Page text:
Anatomy of Revolution

2021 Fay Chandler Creativity Grant

How to become a Dictator in 12 steps. Detail from the interface for the Anatomy of Revolution website (in progress), 2020. Photo of child courtesy of the Arab Image Foundation.
Anatomy of Revolution. Video animation still. Commissioned by MUDAM, Contemporary Art Museum, Luxembourg, 2021.
ABC: A Lesson in History. Installation view. Dear Truth, Hasselblad Foundation, 2021.
Don't Be Too Candid, Installation view. Kunsthal Charlottenborg, Copenhagen, Denmark. Photo by Karim Hanna. 2018.
Watch Out for Zuzu, Installation view. Gwangju Biennale, South Korea, 2018.
Still. Data visualization. Vox Populi: Tahrir Archives. Software and database of images, videos and articles. 2017-ongoing.
Still. Infograph of online archive initiatives. 2016.
Friday of Victory. A week after President Hosni Mubarak was toppled. Tahrir Square, Cairo, Egypt. Photo Lara Baladi, February 18, 2011.

Archiving movements of protest


Anatomy of Revolution draws inspiration from Lara Baladi’s participation in Egypt’s 2011 uprisings and her ongoing research on the iconography of protests. This web-based art project marks the tenth anniversary of Egypt’s Tahrir Square and a decade of unprecedented social global movements.

At once an artistic and educational endeavor, Anatomy of Revolution invites internauts to explore Baladi’s Vox Populi, Tahrir Archives, an archive of digital data the artist has gathered and curated since 2011. 

The interface to navigate the archive is an ABC, an abecedary of revolting. The viewer scrolls ad infinitum down or up, from A to Z, to explore definitions, concepts, anecdotes, and methods of achieving sustainable social change. Anatomy of Revolution reflects on the principle inherent to all revolutions: the quest for freedom.

Throughout the twenty-eight letters of the Arabic alphabet, the abecedary weaves contemporary iconography of protest with the history of art—in particular the representation of revolts and revolutions—along with excerpts from literature, press articles, and references from popular visual culture. This visual narrative is inspired by, and turns on its head, the language of propagandist educational tools, illustrating and defining vocabulary which has emerged and will continue to emerge from protests.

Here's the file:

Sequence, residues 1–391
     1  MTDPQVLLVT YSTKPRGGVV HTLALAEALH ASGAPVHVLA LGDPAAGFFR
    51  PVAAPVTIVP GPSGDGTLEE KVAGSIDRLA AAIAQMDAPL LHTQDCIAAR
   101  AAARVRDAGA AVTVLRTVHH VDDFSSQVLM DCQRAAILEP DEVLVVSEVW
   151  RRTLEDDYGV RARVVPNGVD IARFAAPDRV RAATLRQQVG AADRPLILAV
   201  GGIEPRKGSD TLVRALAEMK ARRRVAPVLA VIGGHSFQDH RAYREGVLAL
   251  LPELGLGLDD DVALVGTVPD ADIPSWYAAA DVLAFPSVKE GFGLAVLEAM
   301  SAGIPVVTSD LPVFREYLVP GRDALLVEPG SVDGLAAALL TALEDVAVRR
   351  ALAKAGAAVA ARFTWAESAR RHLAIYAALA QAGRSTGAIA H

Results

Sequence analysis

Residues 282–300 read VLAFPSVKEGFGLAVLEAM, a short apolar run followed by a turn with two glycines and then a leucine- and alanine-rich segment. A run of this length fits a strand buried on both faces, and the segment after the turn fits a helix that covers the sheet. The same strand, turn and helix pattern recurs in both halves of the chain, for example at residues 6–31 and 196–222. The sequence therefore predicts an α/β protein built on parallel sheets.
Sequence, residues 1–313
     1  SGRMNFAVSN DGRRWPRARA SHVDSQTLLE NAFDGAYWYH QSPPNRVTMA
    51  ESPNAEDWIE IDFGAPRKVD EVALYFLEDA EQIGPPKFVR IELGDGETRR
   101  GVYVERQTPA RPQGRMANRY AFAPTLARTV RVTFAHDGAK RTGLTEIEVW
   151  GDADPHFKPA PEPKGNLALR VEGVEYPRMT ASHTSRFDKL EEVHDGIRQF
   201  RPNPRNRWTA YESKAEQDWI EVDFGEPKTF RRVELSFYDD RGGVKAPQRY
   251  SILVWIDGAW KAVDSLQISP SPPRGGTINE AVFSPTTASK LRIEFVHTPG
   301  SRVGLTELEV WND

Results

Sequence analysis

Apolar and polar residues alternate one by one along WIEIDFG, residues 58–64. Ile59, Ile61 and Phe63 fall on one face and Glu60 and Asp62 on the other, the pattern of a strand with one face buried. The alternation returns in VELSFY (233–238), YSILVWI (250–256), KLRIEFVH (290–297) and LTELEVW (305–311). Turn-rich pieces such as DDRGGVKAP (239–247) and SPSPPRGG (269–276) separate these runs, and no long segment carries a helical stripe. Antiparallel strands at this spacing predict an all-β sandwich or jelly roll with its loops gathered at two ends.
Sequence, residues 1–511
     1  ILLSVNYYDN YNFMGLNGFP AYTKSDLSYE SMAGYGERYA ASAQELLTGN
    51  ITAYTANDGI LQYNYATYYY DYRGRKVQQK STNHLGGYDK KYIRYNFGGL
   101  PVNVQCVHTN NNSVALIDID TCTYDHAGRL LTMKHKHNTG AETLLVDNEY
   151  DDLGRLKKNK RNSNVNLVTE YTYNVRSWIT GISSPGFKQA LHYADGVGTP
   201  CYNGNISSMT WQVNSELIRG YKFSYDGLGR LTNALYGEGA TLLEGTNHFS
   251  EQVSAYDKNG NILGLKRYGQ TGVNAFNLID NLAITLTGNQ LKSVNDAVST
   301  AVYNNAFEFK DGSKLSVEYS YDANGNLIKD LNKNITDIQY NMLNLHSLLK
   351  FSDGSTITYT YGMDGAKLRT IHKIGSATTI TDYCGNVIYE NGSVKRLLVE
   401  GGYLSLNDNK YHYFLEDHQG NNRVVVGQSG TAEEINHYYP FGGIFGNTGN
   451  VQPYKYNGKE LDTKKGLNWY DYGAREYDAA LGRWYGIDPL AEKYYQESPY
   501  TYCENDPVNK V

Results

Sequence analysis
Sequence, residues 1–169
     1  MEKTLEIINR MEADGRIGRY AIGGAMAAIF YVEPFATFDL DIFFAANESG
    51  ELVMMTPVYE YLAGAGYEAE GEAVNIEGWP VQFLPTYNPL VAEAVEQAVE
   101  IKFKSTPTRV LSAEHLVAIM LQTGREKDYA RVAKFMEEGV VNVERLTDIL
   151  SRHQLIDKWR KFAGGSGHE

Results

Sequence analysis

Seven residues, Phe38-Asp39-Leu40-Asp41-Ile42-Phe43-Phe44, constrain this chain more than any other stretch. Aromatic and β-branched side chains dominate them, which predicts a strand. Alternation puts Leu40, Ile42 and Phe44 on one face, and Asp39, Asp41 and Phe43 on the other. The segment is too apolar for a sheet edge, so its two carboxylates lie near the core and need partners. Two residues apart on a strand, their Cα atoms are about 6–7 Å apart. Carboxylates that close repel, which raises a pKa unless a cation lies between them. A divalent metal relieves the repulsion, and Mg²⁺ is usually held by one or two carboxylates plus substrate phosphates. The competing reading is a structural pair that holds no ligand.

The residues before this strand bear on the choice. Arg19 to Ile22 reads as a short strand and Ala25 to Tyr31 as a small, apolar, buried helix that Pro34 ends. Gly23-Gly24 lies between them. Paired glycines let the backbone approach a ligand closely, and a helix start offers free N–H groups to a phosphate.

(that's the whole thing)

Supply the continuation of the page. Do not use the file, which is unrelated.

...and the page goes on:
While Anatomy of Revolution dissects the cycle of revolutions across time and cultures, it highlights Egypt’s 2011 uprising and its aftermath; the 2019 protests in Lebanon, Hong Kong, Bolivia, and Sudan; and the 2020 Black Lives Matter protests in the US; suggesting an ongoing march towards an imagined future.

As the Ida Ely Rubin Artist in Residence at CAST in 2015-16, Baladi published a data visualization of online archive initiatives on the 2011 Egyptian revolution. The 2015-16 project and Anatomy of Revolution are the culmination of Baladi’s research Vox Populi, Tahrir Archives and a tribute to the 2011 Egyptian revolution and its impact on, and resonance with, the uprisings and sociopolitical movements that followed.

ABC: A Lesson in History (forthcoming 2022, Orbis Editions with Gato Negro) won Orbis Editions’ Cantabrigia award for an artist book in 2021.

The Anatomy of Revolution website is expected to have its soft online launch by the end of 2022.



Publication (2022, Orbis Editions with Gato Negro): ABC: A Lesson in History 

2022-23: Anatomy of Revolution website

Past Events


Part of Lost in the Right Direction
December 4, 2021– January 9, 2022
Deir el Kalaa ruins, Beit Meri, Lebanon

Vox Populi, ABC: A Lesson in History (2020), Anatomy of Revolution
Part of The Protest and the Recuperation
Summer 2021
Wallach Art Gallery, Columbia University
New York, NY
Read more on the ACT website

ABC: A Lesson in History
Part of Dear Truth: Documentary Strategies in Contemporary Photography
Spring 2021
Hasselblad Foundation
Gothenburg, Sweden

Anatomy of a Revolution
Part of Me, Family 
Video installation
Fall 2021
Mudam Luxembourg – Musée d’Art Moderne Grand-Duc Jean
Luxembourg City, Luxembourg


Lara Baladi is an Egyptian-Lebanese multidisciplinary artist, archivist, and educator. Her ongoing initiative Vox Populi: Tahrir Archives includes a series of media initiatives, artworks, publications, and an open-source timeline and portal into web-based archives of the 2011 Egyptian revolution and other global social movements.

Biography: Art, Culture, and Technology Program at MIT
Website: (Presentations | Press)


Supported by a Fay Chandler Creativity Grant from the MIT Center for Art, Science & Technology (CAST), and by a grant from the Council for the Arts at MIT (CAMIT).